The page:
The most detailed image of the universe has been captured thanks to NASA’s James Webb Space Telescope – the most powerful telescope ever launched into space designed primarily to conduct infrared astronomy.

Known as Webb’s First Deep Field, the incredible image you see is a galaxy cluster known as SMACS 0723, which is not only mind-blowingly beautiful in itself, but it’s almost unfathomable to think that each cluster is its own galaxy which all have their own 100 billion stars which, in turn, all have their own sets of planets orbiting them.

That fact alone makes it pretty plausible that we’re definitely not alone in this universe.

“This slice of the vast universe covers a patch of sky approximately the size of a grain of sand held at arm’s length by someone on the ground,” explains NASA.

“This deep field, taken by Webb’s Near-Infrared Camera (NIRCam), is a composite made from images at different wavelengths, totalling 12.5 hours – achieving depths at infrared wavelengths beyond the Hubble Space Telescope’s deepest fields, which took weeks.”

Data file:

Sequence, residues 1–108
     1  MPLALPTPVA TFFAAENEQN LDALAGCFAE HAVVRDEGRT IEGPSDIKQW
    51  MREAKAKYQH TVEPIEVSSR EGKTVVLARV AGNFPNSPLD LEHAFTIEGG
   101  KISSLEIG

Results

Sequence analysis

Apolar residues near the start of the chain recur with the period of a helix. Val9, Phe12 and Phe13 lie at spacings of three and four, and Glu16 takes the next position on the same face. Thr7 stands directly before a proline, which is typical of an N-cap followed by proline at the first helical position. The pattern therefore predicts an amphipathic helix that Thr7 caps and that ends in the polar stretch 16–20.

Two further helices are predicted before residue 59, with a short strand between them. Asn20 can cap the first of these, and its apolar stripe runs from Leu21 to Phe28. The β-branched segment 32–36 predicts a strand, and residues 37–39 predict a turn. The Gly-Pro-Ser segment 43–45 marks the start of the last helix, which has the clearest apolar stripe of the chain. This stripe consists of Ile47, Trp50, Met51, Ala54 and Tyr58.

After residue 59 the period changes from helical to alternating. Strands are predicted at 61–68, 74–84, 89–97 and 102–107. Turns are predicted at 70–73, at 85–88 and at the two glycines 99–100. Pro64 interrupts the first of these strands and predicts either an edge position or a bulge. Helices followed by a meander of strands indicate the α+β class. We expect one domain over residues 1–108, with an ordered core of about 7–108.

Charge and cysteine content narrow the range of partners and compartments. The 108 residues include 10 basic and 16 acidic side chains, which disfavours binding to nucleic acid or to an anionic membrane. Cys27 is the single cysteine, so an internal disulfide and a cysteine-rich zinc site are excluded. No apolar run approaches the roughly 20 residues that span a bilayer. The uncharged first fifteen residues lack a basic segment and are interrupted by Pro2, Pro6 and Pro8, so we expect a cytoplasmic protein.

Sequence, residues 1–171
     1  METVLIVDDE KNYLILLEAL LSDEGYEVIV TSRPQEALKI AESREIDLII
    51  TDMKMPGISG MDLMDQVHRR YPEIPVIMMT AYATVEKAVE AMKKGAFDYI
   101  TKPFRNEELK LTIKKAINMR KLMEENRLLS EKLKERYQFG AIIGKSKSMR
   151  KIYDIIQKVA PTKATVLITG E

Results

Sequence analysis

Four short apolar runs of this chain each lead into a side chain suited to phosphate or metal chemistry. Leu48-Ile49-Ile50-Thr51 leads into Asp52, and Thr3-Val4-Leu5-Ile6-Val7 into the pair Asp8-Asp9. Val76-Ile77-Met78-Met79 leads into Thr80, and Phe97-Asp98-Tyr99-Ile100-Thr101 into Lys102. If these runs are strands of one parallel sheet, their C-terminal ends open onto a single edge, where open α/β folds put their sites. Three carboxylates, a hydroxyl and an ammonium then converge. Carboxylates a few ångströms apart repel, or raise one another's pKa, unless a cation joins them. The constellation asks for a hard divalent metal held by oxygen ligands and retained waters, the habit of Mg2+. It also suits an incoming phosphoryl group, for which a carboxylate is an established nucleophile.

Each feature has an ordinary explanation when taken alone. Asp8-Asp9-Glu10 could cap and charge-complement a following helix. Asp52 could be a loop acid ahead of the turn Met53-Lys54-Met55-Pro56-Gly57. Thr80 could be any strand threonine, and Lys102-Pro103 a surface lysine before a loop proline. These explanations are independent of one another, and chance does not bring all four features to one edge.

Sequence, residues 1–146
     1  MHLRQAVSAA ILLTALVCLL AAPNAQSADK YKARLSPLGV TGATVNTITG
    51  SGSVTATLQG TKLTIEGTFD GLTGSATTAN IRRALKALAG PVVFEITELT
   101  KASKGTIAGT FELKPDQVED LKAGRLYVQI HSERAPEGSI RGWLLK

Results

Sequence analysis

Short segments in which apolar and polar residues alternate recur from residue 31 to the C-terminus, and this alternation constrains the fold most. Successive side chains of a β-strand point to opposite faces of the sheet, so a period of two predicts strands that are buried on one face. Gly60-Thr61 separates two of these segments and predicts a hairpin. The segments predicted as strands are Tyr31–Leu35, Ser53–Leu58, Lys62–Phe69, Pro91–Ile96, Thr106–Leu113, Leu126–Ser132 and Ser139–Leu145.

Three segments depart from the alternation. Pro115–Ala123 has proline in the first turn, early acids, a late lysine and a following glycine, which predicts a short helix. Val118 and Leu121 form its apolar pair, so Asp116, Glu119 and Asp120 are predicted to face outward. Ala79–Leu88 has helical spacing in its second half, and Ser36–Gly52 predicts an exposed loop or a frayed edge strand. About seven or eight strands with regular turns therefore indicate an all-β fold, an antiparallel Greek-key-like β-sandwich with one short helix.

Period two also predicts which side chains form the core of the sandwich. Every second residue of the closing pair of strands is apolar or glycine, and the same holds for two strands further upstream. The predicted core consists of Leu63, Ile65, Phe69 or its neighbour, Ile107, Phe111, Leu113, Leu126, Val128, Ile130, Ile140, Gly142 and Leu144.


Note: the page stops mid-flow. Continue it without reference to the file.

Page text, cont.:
The Biden Administration made public the findings of Webb’s First Deep Field, sharing with the world the “deepest” and sharpest infrared image of the distant universe ever produced.

“These images are going to remind the world that America can do big things, and remind the American people – especially our children – that there’s nothing beyond our capacity,” President Biden said during the briefing.

“We can see possibilities no-one has ever seen before. We can go places no-one has ever gone before.”

The image produced is said to be “about” 4.6 billion light-years in the distance, with scientists saying that from the quality of the data produced by Webb, the telescope is sensing space way beyond the most far-flung object in this image.

While the US$10 Billion James Webb Space Telescope only launched last December, its remarkable discovery is only the beginning of what is possible to come. There’s no doubt the discovery of more planets and galaxies will surface, but its two overarching goals include taking pictures of the very first stars to shine in the Universe more than 13.5 billion years ago and to probe far-off planets to see if they might be habitable.